Philosopher Dale Tuggy of the “Trinities” podcast recently posted a two-part podcast interview with Trent Dougherty on the problem of evil and animal suffering. (Part 1; Part 2). The second podcast focuses on Dougherty’s recently published book The Problem of Animal Pain: A Theodicy For All Creatures Great And Small. In the book Dougherty argues that God will resurrect animals that suffer. Tuggy cites the following passage from the book in the write-up accompanying the podcast:
“I will defend the thesis that a class of animals… will not only be resurrected… but will be deified in much the same way that humans will be. …they will become full-fledged persons… who can look back on their lives… then they will accept, though with no loss of the sense of the gravity of their suffering. that they were an important part of something infinitely valuable, and that in addition to being justly, lavishly rewarded for it, they will embrace their role in creation. In this embrace, evil is defeated.” (p. 3)
A few years ago I was driving my daughter to school when we drove past a bloody rabbit that was thrashing about on a front lawn. A man was holding back his barking Rottweiler a few feet away. It wasn’t hard to figure out that the Rottweiler had captured the rabbit and managed to inflict a mortal wound before the owner got it back on leash and under control. Now the rabbit was dying in agony on the front lawn. The barest glimpse of the vast suffering of animal creation had entered suburbia.
According to Dougherty’s thesis, we can analyze this problematic instance of suffering by concluding that God will resurrect the rabbit in the future with changes in its cognitive ability that render it fit to understand the value of that past suffering and to accept that role.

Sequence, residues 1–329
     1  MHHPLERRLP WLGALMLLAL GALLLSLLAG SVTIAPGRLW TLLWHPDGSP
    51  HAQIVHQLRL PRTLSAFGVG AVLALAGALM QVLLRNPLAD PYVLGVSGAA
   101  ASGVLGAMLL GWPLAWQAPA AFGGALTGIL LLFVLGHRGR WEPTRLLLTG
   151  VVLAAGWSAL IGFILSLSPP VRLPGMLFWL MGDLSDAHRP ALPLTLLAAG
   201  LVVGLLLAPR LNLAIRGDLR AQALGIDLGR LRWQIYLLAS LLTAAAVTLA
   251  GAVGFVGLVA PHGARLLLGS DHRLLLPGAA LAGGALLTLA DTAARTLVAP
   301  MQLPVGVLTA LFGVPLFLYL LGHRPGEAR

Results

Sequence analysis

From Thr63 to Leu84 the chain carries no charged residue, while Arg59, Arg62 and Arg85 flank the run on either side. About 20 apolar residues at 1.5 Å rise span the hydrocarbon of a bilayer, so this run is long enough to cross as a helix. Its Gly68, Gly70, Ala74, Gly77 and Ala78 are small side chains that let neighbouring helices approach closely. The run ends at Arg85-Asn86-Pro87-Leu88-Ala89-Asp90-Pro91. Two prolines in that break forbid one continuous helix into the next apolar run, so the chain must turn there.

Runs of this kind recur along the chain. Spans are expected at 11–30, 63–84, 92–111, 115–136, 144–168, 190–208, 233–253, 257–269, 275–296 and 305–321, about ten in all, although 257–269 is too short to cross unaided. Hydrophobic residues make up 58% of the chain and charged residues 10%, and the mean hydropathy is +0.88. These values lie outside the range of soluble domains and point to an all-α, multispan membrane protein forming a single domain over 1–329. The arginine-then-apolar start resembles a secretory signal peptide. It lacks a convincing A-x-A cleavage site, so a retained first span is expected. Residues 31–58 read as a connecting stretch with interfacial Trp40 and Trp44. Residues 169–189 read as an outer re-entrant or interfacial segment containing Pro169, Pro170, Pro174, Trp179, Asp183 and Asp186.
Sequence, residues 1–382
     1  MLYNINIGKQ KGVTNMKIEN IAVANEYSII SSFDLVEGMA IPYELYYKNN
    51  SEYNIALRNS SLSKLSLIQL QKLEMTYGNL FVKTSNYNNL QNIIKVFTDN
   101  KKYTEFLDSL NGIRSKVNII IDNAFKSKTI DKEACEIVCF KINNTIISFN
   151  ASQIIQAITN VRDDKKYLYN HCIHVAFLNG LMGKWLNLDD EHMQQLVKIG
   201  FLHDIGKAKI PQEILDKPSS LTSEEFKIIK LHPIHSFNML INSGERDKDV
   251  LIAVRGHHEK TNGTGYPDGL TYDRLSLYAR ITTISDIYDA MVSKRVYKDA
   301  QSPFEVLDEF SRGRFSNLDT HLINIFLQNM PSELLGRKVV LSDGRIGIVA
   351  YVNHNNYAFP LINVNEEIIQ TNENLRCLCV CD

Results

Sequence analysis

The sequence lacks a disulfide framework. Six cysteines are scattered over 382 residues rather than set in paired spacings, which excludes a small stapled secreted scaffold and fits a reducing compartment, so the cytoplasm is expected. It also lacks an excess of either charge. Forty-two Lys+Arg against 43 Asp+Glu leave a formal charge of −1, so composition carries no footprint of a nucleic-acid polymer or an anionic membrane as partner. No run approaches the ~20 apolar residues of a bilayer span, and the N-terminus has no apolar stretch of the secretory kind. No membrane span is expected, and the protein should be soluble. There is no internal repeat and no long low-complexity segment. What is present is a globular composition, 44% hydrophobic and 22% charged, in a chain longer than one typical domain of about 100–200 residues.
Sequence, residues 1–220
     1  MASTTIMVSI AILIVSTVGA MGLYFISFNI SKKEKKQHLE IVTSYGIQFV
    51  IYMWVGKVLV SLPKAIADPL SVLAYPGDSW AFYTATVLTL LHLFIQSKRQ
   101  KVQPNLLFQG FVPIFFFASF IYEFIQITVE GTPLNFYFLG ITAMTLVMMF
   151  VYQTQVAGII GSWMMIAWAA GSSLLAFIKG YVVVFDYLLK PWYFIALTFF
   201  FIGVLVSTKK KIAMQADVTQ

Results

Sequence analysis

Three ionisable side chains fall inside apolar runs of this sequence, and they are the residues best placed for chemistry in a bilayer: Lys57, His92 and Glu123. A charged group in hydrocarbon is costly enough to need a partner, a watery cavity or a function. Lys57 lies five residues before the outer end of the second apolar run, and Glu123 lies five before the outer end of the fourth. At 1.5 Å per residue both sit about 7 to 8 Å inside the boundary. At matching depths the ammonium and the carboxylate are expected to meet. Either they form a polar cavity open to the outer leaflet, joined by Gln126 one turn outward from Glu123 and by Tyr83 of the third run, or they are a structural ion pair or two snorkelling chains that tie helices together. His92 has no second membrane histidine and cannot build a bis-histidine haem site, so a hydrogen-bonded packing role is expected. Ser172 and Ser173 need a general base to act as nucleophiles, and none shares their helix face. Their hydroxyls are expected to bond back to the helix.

Tuggy expresses some skepticism toward this proposal in the interview. One of the objections he raises is that the kind of adaptations required to appreciate one’s suffering would not be possible for some creatures to remain what they are. Here’s the relevant exchange (occurring around 22 minutes into the podcast):
Tuggy: “Most of us believe that there have to be something like essences, that just simply for the fact that not anything can change into anything else. So I could turn into a taller guy or a shorter guy, maybe I could be transformed into a woman. But anyway, It seems like those things are possible but you know most of us would want to say that even God couldn’t turn a potato into, I don’t know, an angel or a human. I mean, he could annihilate a potato and then create a human right on the same spot, but … the human that came into existence wouldn’t be a former potato.”
Dougherty: “Mr. Potato-head is a possible counterexample to your theory there Dale.”
Tuggy: “He’s not a potato either. He only looks like one.”
After this initial humorous rejoinder, Dougherty offers a serious reply. If an angel’s only experience with human beings were limited to the embryonic stage, the angel might well consider it impossible that God should resurrect human beings that are capable of reason and imagination.
If we accept Dougherty’s view of animal resurrection then our current experience with non-human animals could be at something akin to an embryonic state of existence in which case a resurrected rabbit could come to accept his past role in a broken creation — including his untimely demise on that front lawn — even as he enjoys a resurrected life of rational existence like the anthropomorphized creatures of Richard Adams’ Watership Down.